For the writer of the Gospel of Luke, I guess it was enough for him to understand the story by realizing that the wealthy and important people of this world often have so many demands on their time and attention. “I have bought a piece of land, and I must go out and see it… I have bought five yoke of oxen, and I am going to try them out… I have just been married…” (Luke 14:18-20) These were the kinds of busy demands that were put on wealthy people’s time. So, it kind of made sense to Luke that, amid all the busyness of their important lives, they might fail to notice the priorities of the kingdom of God.

Meanwhile, the poor and marginalized folks, as far as Luke knew anyway, had nothing but time to pursue the kingdom’s goals, so that helped him to understand how they might end up in preferred positions in the kingdom.

So that was how Luke presented the parable of Jesus; it made sense to him that way. And he wasn’t wrong in the interpretation. That was certainly a good part of what Jesus was trying to say about how the rich and the poor responded differently to the challenge of the kingdom of God.

Matthew’s Different Approach

But there is clearly something a little bit different going on in Matthew’s version of the parable. I think, in fact, that he might have understood some of the deeper meaning of the parable. In Matthew, the reason why the elites don’t make it into the kingdom isn’t because they are too busy with other matters.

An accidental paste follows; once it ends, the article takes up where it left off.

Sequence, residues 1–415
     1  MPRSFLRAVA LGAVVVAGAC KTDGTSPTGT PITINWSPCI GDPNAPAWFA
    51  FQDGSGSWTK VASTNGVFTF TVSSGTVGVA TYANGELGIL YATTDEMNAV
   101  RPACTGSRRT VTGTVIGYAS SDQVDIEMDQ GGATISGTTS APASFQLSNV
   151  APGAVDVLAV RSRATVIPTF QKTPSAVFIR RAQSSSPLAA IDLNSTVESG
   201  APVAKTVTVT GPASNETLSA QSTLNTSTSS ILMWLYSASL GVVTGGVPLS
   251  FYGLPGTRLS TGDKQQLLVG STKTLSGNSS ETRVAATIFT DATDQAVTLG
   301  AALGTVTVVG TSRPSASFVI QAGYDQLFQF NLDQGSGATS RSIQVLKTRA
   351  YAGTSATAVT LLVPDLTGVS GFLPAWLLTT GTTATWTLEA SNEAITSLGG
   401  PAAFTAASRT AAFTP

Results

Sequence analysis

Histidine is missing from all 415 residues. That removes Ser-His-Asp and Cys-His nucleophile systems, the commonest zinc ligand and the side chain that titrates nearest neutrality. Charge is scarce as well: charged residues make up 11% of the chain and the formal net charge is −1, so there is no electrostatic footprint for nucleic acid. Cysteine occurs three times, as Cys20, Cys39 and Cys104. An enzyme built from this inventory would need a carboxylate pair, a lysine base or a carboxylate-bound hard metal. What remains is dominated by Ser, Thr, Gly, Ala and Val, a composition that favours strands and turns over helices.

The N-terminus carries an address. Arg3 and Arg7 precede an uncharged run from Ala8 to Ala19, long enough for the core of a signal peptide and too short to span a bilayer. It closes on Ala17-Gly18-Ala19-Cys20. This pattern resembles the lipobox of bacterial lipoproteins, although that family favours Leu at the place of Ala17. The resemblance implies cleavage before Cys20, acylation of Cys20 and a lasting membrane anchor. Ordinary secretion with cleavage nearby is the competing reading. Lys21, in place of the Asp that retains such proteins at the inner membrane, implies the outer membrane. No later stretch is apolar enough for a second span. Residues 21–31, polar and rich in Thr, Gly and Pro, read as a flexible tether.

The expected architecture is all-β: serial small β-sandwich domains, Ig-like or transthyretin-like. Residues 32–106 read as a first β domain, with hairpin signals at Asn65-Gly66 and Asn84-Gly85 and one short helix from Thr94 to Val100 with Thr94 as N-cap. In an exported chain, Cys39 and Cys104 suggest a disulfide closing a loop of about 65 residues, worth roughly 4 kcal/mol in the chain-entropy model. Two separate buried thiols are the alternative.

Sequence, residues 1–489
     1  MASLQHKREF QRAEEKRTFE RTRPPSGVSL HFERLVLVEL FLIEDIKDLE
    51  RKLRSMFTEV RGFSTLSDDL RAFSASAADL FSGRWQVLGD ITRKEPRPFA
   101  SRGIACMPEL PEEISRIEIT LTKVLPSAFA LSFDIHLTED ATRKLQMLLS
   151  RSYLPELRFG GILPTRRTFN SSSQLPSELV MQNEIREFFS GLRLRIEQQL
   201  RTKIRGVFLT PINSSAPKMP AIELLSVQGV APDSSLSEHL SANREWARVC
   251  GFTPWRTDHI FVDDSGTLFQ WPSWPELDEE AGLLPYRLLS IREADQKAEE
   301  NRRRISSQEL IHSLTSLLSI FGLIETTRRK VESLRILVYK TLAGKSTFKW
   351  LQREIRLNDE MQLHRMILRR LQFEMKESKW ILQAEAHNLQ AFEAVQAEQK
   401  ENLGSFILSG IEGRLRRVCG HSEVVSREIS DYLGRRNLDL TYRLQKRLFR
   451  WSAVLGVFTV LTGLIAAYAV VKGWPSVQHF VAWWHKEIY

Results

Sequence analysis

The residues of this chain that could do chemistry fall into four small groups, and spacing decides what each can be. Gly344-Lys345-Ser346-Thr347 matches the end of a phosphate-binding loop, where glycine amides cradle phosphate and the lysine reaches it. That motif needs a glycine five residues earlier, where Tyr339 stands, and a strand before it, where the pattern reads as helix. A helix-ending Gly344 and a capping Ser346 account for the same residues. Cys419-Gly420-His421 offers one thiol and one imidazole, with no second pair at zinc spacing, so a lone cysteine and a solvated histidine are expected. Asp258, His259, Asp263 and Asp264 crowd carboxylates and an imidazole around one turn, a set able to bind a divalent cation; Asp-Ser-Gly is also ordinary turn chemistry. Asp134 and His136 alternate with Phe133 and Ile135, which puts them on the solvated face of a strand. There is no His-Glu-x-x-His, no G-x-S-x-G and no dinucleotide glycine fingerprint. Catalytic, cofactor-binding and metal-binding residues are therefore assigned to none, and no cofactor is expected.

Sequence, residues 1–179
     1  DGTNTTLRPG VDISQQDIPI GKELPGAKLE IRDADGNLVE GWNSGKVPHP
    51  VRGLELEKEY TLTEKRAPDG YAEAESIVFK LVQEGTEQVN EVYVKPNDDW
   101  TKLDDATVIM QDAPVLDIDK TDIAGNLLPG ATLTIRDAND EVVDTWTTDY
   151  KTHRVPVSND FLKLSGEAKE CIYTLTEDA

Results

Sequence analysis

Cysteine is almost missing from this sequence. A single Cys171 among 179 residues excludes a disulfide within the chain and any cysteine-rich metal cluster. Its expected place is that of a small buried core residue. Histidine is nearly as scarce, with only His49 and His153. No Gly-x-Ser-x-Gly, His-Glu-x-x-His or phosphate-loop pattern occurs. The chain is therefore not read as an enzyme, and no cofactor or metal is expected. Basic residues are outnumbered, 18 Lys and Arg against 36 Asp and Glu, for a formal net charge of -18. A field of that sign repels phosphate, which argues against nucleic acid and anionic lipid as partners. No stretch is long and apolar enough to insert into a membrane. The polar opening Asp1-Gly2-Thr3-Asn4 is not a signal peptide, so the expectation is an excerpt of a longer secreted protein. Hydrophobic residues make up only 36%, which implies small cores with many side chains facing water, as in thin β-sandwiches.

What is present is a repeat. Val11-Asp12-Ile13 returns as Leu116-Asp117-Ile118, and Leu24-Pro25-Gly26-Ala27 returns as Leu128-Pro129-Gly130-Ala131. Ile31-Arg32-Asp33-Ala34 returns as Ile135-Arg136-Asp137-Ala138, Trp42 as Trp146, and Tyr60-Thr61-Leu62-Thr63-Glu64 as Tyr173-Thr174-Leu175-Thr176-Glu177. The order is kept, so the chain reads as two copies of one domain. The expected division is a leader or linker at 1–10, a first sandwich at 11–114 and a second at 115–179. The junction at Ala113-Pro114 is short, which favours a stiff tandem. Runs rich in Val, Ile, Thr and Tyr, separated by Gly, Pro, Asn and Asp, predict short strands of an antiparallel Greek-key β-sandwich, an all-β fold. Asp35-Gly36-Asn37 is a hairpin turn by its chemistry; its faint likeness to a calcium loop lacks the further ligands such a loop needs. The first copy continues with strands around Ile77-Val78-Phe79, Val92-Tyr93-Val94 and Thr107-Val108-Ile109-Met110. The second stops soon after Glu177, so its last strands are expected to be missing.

They aren’t part of it because they find the very idea of the kingdom of God – a kingdom where they don’t get to be in charge – to be ridiculous. “But they made light of it and went away,” is their initial response. They mock the very idea and find it silly!

But then, when, despite their mockery of the ideals of the kingdom, it persists, the elites soon turn violent. “While the rest seized his slaves, mistreated them, and killed them,” it says.

A Radical Vision

This is making a very important point about Jesus’ message of the kingdom of God. It is not just a nice idea. It is not just some idyllic vision of a world that is different and that includes outsiders and marginalized people. It is a threat because it calls into question the existing world order. And the powerful of this world do not take such threats lightly.

Where Are We in this Parable?